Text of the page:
Each of the stories in this book carries a unique message that will inspire seekers of even level, for they show how even these grate realized beings had their moments of doubt and despair and overcame them. There was Narada, who taught others the art of happiness, only to realize that he was not happy himself. Prince Rama fell into a deep depression and wandered for years in search of inner peace. Parashurama, a great warrior, was consumed with frustration, feeling totally dejected and hopeless. Vidyaranya Yati wondered what was wrong with his because he had not gained direct experience of the truth after more than eighty years of intense practice. Madhusudana Sarasvati, a brilliant philosopher of non-dualism, felt empty inside, and secretly yearned to experience what devotees did. And Swami Rama Kept breaking his practice because he could not always control his anger.
These weary travellers each found the help of a guide who clarified their confusion and inspired them to continue on their spiritual quest. Systematically, step by step, the masters explained how to overcome the obstacles that stand in the way. Be patient they would say. Train your body, mind and senses, have faith study the scriptures, seek the company of the wise, practice non attachment, meditate. Make all possible effort, and then surrender to divine will. Embrace each moment as it presents itself, seeing it as an opportunity to expand your awareness, until you are fully opened and prepared. Then when you least expect, it grace will dawn and you will experience oneness with the Divine.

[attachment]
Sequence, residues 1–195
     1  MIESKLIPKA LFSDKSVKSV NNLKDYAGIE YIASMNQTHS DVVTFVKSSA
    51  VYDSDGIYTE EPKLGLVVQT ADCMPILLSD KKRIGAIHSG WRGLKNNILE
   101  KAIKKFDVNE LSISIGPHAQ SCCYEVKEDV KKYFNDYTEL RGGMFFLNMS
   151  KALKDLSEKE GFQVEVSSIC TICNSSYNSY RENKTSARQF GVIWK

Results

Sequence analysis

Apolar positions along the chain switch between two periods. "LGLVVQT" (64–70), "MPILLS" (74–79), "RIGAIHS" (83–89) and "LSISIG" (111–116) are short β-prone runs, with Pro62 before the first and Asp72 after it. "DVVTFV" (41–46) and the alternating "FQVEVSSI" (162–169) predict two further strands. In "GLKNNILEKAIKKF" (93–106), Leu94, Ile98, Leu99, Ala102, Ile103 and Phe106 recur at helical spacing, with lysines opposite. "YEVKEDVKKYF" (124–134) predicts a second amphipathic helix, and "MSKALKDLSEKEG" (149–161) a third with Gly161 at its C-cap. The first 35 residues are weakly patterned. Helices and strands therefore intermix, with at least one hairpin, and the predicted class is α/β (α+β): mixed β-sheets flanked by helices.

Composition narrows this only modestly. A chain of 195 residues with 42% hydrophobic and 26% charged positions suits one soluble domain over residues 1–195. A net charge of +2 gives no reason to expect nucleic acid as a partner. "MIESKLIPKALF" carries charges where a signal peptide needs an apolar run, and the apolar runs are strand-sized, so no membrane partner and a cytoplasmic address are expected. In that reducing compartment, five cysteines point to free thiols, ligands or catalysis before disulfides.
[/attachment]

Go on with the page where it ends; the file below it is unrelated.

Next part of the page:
Eventually each of these seekers became a channel through which the ancient teachings flowed, recast to apply to the time and place in which they were given. For me, swami Rama was that channel. When I first met him in 1978,I knew nothing about the tradition of the Himalayan masters, or the universal teaching of the Vedic lineage they have handed down over the ages. All I Knew was that when I was around him, I felt a sense of deep stillness and peace. And as I listened to him lecture and watched him with his students, I knew in my heart that I had found my teacher.
Swamiji cared a great deal about his students and gave up everything he could. For twenty five years he taught tirelessly both here and abroad. And no matter what the topic of his lecture, he would always stress the same basic points: "Sit with you head, neck and trunk straight. Breathe diaphragmatically. Discipline your body, mind and senses. Learn to know yourself on every level. Be happy. Grease your actions with love. Do not be attached to the fruits of your actions. Practice, practice, Practice."